Psychedelics are enjoying the right kind of flashback.
After avoiding work on potentially career-killing drug research for over fifty years, scientists are back to investigating their potential uses in treating debilitating psychological issues such as addiction, anxiety, and end-of-life depression. While the drugs are still considered unlawful by the US government, they’re gradually being allowed back into the laboratory on a case-by-case basis. The initial results have been overwhelmingly positive – good news for a nation struggling to treat a wealth of emotional ills.
The drugs didn’t always have such a negative reputation. Through the 1950s to the 1970s, the US government put an estimated $4 million into research on their uses. Once they found their way into 1960s counterculture, however, the funding began to dry up. It wasn’t long before Nixon agreed upon the drugs – which included LSD, psilocybins, MDMA, DMT, peyote, and ibogaine – into the criminal code with the Controlled Substances Work in 1970. The likelihood that they’d ever be used again for real technological research dwindled to zero.
That is, until now. A report on psilocybins released by analysts from Johns Hopkins College or university in 2006 reopened the field, and today the Multidisciplinary Association for Psychedelic Research lists dozens of new studies on different drugs taking place across America and internationally, with positive primary results. The research couldn’t be occurring at a better time: The World Health Corporation reports that 350,000,000 individuals worldwide suffer from depression. Addiction to substances, both legal and illegal, costs the US over $700 billion each year, according to the National Institute of Drug Abuse. Conservative quotes of the percentage of Vietnam, Gulf, and Iraq War veterans suffering from PTSD range from 11-30%.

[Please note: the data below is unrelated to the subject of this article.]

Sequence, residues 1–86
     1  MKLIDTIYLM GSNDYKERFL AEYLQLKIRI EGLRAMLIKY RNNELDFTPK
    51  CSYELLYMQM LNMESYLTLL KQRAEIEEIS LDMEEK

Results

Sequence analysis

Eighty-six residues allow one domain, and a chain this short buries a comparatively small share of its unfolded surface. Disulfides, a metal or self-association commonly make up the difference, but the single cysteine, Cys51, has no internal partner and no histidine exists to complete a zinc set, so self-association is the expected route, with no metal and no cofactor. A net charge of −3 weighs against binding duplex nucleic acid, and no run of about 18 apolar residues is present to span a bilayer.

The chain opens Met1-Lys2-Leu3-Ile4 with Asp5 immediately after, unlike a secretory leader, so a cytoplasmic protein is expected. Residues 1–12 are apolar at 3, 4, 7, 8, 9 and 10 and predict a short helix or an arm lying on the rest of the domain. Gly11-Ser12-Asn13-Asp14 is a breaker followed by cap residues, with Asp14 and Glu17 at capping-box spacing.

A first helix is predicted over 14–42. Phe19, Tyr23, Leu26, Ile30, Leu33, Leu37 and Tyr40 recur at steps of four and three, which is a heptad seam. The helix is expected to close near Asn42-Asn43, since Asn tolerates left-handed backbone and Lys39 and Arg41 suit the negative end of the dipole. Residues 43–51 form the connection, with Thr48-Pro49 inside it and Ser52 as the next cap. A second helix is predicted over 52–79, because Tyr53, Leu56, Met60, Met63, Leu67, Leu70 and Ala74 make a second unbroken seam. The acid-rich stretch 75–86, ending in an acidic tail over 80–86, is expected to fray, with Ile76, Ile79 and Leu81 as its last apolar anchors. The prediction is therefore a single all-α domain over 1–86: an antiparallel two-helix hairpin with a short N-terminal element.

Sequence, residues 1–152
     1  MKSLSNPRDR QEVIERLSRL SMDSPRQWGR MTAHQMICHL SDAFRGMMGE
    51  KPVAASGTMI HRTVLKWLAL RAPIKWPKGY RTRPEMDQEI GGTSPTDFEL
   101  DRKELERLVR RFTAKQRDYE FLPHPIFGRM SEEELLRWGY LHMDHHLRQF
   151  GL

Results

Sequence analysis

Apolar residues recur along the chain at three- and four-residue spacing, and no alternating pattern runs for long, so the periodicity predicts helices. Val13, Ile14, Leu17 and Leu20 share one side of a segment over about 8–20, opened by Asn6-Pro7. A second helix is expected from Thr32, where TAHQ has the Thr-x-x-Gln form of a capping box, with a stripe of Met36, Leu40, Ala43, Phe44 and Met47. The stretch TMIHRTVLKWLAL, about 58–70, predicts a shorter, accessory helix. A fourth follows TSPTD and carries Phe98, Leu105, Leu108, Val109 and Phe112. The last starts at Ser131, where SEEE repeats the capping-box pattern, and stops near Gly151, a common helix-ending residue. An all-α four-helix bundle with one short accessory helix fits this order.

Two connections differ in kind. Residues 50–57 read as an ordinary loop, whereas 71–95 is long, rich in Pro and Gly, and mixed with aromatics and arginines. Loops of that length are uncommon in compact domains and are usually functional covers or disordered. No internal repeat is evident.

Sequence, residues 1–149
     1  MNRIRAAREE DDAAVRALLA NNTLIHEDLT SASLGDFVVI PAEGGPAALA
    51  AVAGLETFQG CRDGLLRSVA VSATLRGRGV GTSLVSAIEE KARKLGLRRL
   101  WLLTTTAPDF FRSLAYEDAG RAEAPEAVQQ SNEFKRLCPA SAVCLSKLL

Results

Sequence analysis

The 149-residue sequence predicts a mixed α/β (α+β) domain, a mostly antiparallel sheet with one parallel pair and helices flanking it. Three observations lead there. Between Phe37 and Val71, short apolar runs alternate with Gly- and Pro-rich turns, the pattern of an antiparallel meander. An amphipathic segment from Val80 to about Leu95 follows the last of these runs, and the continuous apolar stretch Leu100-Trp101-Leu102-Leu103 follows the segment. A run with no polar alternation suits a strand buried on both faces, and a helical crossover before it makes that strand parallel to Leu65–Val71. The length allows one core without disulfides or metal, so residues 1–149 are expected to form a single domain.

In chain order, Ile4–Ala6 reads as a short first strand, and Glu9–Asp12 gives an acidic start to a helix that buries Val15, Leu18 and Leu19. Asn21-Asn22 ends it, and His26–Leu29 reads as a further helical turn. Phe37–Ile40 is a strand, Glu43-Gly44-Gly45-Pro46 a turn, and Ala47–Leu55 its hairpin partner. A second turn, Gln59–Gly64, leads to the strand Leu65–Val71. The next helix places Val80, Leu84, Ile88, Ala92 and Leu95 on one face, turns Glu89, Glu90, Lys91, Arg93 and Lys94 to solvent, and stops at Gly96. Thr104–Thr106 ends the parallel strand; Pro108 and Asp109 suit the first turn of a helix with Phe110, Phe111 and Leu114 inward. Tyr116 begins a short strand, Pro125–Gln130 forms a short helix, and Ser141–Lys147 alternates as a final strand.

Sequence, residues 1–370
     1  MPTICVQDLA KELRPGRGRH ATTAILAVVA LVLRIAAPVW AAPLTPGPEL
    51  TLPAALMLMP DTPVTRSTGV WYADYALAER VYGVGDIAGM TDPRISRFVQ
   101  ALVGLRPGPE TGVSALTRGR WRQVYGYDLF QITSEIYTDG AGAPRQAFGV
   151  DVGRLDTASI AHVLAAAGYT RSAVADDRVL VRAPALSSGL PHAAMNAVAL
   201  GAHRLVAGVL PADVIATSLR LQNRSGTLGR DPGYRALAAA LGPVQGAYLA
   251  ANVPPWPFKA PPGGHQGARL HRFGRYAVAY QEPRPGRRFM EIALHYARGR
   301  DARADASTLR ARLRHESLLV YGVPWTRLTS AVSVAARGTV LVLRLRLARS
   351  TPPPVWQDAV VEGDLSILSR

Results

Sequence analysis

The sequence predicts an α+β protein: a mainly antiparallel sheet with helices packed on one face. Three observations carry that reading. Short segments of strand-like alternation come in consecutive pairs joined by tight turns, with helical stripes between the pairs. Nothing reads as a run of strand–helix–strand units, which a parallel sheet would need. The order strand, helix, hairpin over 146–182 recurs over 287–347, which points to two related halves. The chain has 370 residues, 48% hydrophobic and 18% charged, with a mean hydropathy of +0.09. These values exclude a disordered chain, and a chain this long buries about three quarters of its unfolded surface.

The existing research is promising. A 2015 study in the Journal of Pharmacology showed that classical psychedelic use actually correlated with reduced lifetime rates of suicidal thoughts (whereas use of illicit drugs were associated with increased likelihood), and anxiety has been successfully treated with the controlled use of LSD and psilocybins. And just last year, a report published in The Journal of Psychopharmacology reported success in dealing with nicotine habit with mushrooms. Possibly the most interesting use of psychedelics, however, is their use in easing depression about dying in terminally sick patients. It’s not well known, but Aldous Huxley got LSD in his last days with his battle with cancer, and his wife’s accounts of his passing may also be known as the ‘most beautiful loss of life’.
Even though America is loosening up when it comes to drugs like marijuana, it’ll be an uphill battle for researchers looking into therapeutic uses for psychedelics. The actual fact that these scientists have managed to reopen the field, however, retains great promise for the future of psychedelics.